Teen birth rates have decreased by 37 percent in the last two decades, though U.S. rates are up to nine times higher than in other developed countries, according to the latest CDC Vital Signs report. About 46 percent of teens have had sexual intercourse. About 14 percent of sexually active teen girls and 10 percent of teen boys report that they do not use any type of birth control, the report says.
The report finds that teens need sex education, the opportunity to talk with their parents about pregnancy prevention, and those who become sexually active need access to affordable, effective birth control. For teens that are sexually active, two forms of birth control such as condoms for boys, and birth control pills, hormone shots, or an IUD for girls are most effective for preventing pregnancy.
“Though we have made progress in reducing teen pregnancy over the past 20 years, still far too many teens are having babies,” said CDC Director Thomas R. Frieden, M.D., M.P.H. “Preventing teen pregnancy can protect the health and quality of life of teenagers, their children, and their families throughout the United States.”
Contraceptive use is lowest and teen childbirth is highest among Hispanic/Latinos and non-Hispanic blacks. Rates also are high among youth of all races and ethnicities who are socioeconomically disadvantaged. Black and Hispanic teen girls are about 2-3 times more likely to give birth than white teens. The percentage of black teen girls ever having sex (58 percent) is higher than for Hispanic (45 percent) and white teen girls (45 percent). The percentage of black teen males ever having sex (72 percent) is greater than that of Hispanics (53 percent) and whites (40 percent).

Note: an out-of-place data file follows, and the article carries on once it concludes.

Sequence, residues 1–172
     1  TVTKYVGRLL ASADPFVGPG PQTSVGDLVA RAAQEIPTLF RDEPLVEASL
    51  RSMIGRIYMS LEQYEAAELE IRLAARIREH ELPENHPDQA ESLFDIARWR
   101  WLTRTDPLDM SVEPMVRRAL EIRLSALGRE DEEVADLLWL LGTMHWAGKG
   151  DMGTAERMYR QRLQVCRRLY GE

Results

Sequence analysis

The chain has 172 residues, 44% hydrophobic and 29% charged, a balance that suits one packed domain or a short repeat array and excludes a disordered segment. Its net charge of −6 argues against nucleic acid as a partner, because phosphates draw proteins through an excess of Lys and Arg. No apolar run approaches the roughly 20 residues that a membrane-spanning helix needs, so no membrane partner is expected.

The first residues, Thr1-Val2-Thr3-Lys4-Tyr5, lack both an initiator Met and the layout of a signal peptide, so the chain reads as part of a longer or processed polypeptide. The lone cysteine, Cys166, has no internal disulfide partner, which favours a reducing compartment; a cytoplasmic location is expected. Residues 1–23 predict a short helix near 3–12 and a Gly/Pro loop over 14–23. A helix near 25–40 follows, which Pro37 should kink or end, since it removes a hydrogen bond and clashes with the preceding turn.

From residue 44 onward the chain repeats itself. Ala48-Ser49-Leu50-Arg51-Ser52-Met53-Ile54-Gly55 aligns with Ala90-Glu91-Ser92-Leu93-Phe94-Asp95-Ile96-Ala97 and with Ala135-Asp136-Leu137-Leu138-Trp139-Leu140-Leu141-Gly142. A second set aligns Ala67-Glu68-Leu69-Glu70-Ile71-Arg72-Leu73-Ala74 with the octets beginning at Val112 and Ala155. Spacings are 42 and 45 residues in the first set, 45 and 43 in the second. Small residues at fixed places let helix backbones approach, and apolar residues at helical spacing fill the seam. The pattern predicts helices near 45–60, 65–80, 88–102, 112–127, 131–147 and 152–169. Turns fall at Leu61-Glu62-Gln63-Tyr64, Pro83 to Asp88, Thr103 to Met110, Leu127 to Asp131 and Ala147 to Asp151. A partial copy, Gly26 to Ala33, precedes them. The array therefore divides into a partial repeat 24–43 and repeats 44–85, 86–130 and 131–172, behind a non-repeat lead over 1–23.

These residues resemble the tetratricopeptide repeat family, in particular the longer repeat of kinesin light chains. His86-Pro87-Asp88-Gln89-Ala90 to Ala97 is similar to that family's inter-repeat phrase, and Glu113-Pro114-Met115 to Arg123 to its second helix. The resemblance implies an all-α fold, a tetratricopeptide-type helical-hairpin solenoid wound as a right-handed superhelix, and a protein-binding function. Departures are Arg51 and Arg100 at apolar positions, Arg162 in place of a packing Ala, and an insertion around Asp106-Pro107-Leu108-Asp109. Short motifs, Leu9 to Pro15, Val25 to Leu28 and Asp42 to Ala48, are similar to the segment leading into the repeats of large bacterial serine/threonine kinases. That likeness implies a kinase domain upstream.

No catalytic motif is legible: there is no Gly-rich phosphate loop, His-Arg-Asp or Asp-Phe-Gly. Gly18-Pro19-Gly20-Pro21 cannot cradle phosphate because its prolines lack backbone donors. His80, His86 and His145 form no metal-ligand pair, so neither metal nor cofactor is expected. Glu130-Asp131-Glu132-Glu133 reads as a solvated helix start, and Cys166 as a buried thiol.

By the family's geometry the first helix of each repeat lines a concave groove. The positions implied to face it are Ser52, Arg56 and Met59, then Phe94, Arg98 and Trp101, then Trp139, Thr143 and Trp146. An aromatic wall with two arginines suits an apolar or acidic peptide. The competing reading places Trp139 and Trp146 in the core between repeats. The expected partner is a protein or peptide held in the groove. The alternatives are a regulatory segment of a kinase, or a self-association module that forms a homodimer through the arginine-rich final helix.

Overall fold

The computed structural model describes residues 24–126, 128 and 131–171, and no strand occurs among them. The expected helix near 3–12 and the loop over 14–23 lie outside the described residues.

According to CDC Vital Signs, teen childbearing has a high cost emotionally, physically and financially for the mother, child and their community.
- About half of teen mothers do not get a high school diploma before the age of 22.
- Girls born to teen mothers are almost one-third more likely to become teen mothers themselves.
- Children of teen parents are more likely to have low school achievement, drop out of school, and be teen parents themselves.
Teen pregnancy and childbirth cost U.S. taxpayers an estimated $9 billion each year, approximately $6 billion in lost tax revenue and nearly $3 billion in public expenditures. Reducing teen and unintended pregnancy is a key priority for the Department of Health and Human Services and the focus of a collaborative effort involving many parts of the Department. In support of this effort CDC recommends:
- Sex education that provides accurate information and is tied to the developmental needs of adolescents.
- Parents and teens communicate more effectively with each other on issues of sex and teen birth.
- Sexually active teens have access to affordable and effective birth control.
About Vital Signs
CDC Vital Signs is a report that appears on the first Tuesday of the month as part of the CDC journal Morbidity and Mortality Weekly Report (MMWR). Vital Signs is designed to provide the latest data and information on key health indicators — cancer prevention, obesity, tobacco use, alcohol use, access to health care, HIV/AIDS, motor vehicle passenger safety, health care-associated infections, cardiovascular health, teen pregnancy, asthma, and food safety.
Contact: CDC Media Relations